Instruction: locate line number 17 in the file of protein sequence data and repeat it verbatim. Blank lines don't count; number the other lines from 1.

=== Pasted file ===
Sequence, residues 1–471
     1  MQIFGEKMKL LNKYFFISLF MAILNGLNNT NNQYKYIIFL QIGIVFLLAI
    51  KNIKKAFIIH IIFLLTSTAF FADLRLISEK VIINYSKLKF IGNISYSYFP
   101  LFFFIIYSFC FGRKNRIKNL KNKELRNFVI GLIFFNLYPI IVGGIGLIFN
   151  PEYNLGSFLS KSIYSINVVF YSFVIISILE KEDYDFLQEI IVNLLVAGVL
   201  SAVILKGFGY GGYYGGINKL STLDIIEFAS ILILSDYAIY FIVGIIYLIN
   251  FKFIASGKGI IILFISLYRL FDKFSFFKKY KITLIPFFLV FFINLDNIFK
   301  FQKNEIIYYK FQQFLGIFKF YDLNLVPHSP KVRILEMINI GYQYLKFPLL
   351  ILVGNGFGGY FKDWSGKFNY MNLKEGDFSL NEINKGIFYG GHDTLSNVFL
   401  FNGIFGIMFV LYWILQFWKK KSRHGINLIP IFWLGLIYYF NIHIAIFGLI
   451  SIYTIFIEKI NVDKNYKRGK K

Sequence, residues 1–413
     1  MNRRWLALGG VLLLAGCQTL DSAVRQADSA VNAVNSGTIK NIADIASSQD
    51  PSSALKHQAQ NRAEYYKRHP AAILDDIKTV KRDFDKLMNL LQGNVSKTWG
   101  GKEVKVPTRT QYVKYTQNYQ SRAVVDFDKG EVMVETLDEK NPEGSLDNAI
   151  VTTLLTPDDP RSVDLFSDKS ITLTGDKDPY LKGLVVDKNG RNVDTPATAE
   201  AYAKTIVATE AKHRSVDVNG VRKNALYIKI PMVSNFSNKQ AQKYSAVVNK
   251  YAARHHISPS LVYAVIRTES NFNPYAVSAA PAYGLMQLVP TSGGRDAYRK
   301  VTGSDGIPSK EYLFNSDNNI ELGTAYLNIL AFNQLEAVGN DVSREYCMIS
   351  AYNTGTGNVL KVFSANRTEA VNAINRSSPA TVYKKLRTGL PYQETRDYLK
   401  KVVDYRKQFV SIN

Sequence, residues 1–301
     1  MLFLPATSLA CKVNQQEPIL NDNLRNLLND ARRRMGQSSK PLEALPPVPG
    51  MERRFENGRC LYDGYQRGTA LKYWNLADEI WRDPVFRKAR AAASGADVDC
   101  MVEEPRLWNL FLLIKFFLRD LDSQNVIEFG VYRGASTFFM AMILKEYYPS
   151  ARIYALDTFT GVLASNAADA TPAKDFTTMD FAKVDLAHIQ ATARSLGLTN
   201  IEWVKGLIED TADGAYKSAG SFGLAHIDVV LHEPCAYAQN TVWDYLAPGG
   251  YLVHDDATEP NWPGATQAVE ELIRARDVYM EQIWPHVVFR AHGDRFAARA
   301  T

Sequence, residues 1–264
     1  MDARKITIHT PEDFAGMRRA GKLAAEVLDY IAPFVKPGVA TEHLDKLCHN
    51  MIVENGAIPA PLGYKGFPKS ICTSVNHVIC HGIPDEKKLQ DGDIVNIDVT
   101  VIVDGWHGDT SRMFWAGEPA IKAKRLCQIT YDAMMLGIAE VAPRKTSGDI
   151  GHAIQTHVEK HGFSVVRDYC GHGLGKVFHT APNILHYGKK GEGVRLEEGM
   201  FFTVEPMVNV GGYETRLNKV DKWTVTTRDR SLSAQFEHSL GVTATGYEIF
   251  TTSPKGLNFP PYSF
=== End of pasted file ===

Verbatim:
   201  AYAKTIVATE AKHRSVDVNG VRKNALYIKI PMVSNFSNKQ AQKYSAVVNK